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PM’s visit dashes sea gypsies’ hopes for land dispute resolution



PHUKET: A minister of the Interior sank provincial officials’ hopes for the potential resolution of one of Phuket’s longest-running conflicts, during a ‘state visit’ by Prime Minister Prayuth Chan-o-Cha to the island on Friday.

Decades-long disputes between the Rawai sea gypsies and developers in the island’s southernmost municipality had entered a new round of government-mediated negotiations in February when Governor Chamroen Tipayapongtada backed a plan to buy from the developers the land that the gypsies currently reside on (story here).

Even after more than a hundred sea gypsies marched to Rajabhat University to hand PM Prayuth a letter of grievances on Friday (story here), Interior Minister Anupong Paochinda told the Phuket Gazette that Gov Chamroen’s plan would not move forward.

“The government cannot buy a piece of land for private purposes just because the Phuket Provincial Governor asks us to do it, “Minister Anupong said. “It is against the law.”

The minister’s comments came after a delegation of five sea gypsy representatives were allowed to submit the letter to Secretary-General Wilas Aroonsri, who accepted it on behalf of PM Prayuth.

And the PM himself told members of the press that he was aware of the land dispute, but that his hands are tied according to the law.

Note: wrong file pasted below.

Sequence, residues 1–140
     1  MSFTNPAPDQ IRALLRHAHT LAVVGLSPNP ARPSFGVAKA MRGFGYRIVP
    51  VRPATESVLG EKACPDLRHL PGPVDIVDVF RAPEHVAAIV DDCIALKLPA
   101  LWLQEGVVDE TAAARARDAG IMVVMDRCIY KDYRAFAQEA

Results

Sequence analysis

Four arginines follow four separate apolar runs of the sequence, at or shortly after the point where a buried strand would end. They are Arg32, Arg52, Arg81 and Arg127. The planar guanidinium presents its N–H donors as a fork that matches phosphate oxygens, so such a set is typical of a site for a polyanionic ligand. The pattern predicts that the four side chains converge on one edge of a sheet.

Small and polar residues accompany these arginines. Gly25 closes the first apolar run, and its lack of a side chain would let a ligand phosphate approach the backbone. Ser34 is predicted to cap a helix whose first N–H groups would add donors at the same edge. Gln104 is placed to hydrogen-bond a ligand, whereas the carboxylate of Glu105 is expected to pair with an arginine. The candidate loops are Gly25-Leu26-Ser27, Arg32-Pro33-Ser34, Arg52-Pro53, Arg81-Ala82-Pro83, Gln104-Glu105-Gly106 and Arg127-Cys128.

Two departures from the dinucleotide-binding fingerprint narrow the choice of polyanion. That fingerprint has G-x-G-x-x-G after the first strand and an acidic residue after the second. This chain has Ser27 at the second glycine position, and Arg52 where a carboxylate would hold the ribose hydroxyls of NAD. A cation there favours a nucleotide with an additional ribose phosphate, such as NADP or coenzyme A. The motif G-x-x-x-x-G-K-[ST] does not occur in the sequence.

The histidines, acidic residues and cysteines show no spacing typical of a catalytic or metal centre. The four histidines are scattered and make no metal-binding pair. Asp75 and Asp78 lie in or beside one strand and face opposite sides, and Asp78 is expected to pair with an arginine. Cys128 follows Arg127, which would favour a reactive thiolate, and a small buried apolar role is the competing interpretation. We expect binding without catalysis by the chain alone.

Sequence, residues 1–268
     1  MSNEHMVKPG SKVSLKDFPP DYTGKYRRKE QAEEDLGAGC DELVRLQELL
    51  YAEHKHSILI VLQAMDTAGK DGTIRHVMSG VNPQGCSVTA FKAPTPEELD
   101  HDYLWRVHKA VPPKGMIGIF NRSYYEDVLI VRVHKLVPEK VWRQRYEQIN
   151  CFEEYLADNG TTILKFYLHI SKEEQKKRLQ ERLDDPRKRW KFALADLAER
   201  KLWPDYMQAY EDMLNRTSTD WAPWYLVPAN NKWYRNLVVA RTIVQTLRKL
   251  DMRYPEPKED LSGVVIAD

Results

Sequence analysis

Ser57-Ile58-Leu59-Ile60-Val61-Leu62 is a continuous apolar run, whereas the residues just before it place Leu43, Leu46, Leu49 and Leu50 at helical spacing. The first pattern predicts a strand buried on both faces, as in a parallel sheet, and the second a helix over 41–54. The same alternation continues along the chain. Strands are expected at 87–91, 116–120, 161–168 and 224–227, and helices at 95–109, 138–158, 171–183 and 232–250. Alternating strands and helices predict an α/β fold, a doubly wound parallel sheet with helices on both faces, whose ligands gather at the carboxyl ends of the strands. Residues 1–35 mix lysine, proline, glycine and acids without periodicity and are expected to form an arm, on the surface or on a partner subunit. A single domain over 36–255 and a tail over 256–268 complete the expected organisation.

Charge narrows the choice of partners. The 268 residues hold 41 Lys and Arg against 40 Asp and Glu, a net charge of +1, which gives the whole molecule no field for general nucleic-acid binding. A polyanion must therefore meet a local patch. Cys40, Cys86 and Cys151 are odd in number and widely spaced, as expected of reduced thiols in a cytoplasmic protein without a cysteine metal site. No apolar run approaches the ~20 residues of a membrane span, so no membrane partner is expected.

“I accepted the letter and will see what we can do,” PM Prayuth said. “At this stage, I cannot promise anything beyond what the justice system decides. What we can do is to prove who lawfully owns the land and how they obtained the title. We can only do what the law allows.”

The plan to have the government buy up the land was proposed by some of the title deed holders, who, exasperated with a stalemate following a violent confrontation earlier this year, said they were tired of the never-ending dispute (story here).

At a meeting called by Governor Chamroen, Baron World Trade Ltd Co representatives initially offered to give the sea gypsies 2 ngan, approximately 800 square meters, of land on a different portion of the property to perform their ceremonies. That offer was refused. (story here).

“The government attempted to find them a piece of land, but they insisted on staying where they are, where their ancestors lived and where their traditional ceremonial sites are located,” PM Prayuth said. “We are willing to help solve the problem, but the sea gypsies must cooperate with us as well.”

— Chutharat Plerin


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